What is Optical Disc Stamper and Negative Tone Electron Beam Resist?

Because of its many advantages, the optical disk became the favored medium for music, pictures, and software programs. Stamping a polycarbonate sheet to make CDs and DVDs is common, and nickel stampers are commonly used as a stamp with bumps that generate pits. The optical disc stamper resist’s quality determines the quality of the group of discs.

Read on to learn more about the optical disk stamper and the negative tone electron beam resist.

Understanding the Optical Disk Stamper

Firstly, optical disc manufacturing refers to the production of commercial optical discs. They’re compact, light, strong, and digital, with a data storage capacity of 650 megabytes at the very least (MB). A double-layered and double-sided DVD may hold up to 15.9 gigabytes (GB) of data. Optical disk stampers are molds that imprint images on the discs.

An optical disk stamper is a mold you can use to replicate polymer compact discs (CDs) in an injection molding machine in optical disc technology. On a 138-mm diameter substrate, the stamper surface has a negative image of the CDs with over 1 billion submicrometer details embossed in a spiral pattern.

A molding surface appears when bumps for imprinting pits onto an optical disk are available on one side of a stamper body. The bumps and the molding surface are made of a polymer resin with a heat diffusivity of less than 0.01 m2/h.

What is a Negative Tone Electron Beam Resist?

A negative tone electron beamresists a rougher line edge than a positive tone resists and can expose stitching faults in the field and subfield more easily than positive tone resists. Due to its inorganic composition, a negative tone electron beamresists great plasma etch resistance and extraordinary resolution, with some of the smallest characteristics visible.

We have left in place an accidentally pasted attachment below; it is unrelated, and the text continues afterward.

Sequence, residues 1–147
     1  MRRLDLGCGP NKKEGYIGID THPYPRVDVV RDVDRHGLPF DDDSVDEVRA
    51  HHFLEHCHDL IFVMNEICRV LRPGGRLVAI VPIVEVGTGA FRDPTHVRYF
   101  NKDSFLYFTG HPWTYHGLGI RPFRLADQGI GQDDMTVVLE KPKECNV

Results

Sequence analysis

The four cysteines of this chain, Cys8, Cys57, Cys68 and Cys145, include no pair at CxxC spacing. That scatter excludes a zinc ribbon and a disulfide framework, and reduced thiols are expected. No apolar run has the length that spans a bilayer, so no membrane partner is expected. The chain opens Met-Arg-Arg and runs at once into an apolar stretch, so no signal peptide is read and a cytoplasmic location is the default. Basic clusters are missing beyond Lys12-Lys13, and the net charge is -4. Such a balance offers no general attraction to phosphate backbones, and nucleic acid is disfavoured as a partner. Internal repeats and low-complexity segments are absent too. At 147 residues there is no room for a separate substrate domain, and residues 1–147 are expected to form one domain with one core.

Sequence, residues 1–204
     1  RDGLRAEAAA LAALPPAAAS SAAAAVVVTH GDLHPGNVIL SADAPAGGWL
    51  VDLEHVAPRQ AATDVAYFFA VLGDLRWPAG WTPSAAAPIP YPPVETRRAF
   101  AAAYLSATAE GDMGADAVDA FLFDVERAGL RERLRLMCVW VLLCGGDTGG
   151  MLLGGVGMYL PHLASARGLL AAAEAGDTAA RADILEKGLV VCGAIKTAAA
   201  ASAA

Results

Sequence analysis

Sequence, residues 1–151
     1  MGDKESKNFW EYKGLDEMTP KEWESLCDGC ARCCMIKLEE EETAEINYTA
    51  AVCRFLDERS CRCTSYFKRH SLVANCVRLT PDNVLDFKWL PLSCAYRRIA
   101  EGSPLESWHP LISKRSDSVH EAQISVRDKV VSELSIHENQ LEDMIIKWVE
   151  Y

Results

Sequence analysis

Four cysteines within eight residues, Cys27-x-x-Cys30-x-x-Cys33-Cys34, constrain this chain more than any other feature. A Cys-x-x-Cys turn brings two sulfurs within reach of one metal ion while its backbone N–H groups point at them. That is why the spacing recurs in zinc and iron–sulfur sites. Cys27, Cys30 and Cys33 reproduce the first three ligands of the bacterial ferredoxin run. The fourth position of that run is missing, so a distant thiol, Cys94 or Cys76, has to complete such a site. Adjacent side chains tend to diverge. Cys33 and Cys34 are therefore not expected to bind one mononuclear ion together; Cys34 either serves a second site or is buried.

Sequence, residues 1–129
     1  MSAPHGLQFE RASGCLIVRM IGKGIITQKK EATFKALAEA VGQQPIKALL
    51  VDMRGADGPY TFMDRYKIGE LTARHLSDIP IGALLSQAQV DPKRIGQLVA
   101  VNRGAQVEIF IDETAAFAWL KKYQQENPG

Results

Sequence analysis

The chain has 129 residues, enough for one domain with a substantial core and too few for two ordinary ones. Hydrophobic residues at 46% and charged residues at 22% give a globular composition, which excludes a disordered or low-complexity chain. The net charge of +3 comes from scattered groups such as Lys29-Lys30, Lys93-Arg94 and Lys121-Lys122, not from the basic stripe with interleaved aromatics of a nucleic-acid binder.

On thin membrane substrates, HSQ limits EBL structures to 1-2 nm in size. It resists plasma etching well and can be used as an etch mask for pattern transfer directly.

When quality and economy are the most important factors, a negative acting resistor is the best choice for printed circuit boards. They reproduce images well and are chemically resistant. Negative resistance is a great option for semiconductor supply that doesn’t require a lot of precision.


HSQ, also known as Flowable Oxide (FOx), is a low-k dielectric with excellent planarization and gap-filling properties. You can use it as a back-end metal interlayer isolation dielectric. Again, you can use this negative tone electron beam resist for a wide range of applications because it can be coated using standard spin-coating methods.


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